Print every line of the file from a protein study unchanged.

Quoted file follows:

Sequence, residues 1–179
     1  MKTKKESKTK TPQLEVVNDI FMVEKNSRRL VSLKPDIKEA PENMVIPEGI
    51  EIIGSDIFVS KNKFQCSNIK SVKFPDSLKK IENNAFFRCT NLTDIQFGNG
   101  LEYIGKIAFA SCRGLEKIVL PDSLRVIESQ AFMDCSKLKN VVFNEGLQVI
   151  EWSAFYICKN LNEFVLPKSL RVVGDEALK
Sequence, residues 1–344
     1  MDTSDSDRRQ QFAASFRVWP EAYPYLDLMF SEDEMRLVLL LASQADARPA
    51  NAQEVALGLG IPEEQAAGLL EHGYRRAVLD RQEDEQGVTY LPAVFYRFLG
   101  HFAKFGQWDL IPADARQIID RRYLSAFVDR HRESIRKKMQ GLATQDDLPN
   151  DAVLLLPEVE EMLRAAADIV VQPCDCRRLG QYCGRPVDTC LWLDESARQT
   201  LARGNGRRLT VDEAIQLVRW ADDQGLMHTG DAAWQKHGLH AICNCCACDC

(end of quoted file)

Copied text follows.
Sequence, residues 1–179
     1  MKTKKESKTK TPQLEVVNDI FMVEKNSRRL VSLKPDIKEA PENMVIPEGI
    51  EIIGSDIFVS KNKFQCSNIK SVKFPDSLKK IENNAFFRCT NLTDIQFGNG
   101  LEYIGKIAFA SCRGLEKIVL PDSLRVIESQ AFMDCSKLKN VVFNEGLQVI
   151  EWSAFYICKN LNEFVLPKSL RVVGDEALK
Sequence, residues 1–344
     1  MDTSDSDRRQ QFAASFRVWP EAYPYLDLMF SEDEMRLVLL LASQADARPA
    51  NAQEVALGLG IPEEQAAGLL EHGYRRAVLD RQEDEQGVTY LPAVFYRFLG
   101  HFAKFGQWDL IPADARQIID RRYLSAFVDR HRESIRKKMQ GLATQDDLPN
   151  DAVLLLPEVE EMLRAAADIV VQPCDCRRLG QYCGRPVDTC LWLDESARQT
   201  LARGNGRRLT VDEAIQLVRW ADDQGLMHTG DAAWQKHGLH AICNCCACDC